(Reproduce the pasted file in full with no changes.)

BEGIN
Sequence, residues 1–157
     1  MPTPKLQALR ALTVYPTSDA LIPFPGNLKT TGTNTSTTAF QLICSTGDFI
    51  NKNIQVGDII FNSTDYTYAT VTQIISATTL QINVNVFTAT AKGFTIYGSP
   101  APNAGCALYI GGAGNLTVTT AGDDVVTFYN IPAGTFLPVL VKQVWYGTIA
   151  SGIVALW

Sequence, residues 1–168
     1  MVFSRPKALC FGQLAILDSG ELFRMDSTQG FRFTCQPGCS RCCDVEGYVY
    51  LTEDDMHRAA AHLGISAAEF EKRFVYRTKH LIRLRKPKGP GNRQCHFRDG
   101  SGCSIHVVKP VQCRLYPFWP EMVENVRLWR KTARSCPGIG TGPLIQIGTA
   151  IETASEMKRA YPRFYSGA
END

Sequence, residues 1–157
     1  MPTPKLQALR ALTVYPTSDA LIPFPGNLKT TGTNTSTTAF QLICSTGDFI
    51  NKNIQVGDII FNSTDYTYAT VTQIISATTL QINVNVFTAT AKGFTIYGSP
   101  APNAGCALYI GGAGNLTVTT AGDDVVTFYN IPAGTFLPVL VKQVWYGTIA
   151  SGIVALW

Sequence, residues 1–168
     1  MVFSRPKALC FGQLAILDSG ELFRMDSTQG FRFTCQPGCS RCCDVEGYVY
    51  LTEDDMHRAA AHLGISAAEF EKRFVYRTKH LIRLRKPKGP GNRQCHFRDG
   101  SGCSIHVVKP VQCRLYPFWP EMVENVRLWR KTARSCPGIG TGPLIQIGTA
   151  IETASEMKRA YPRFYSGA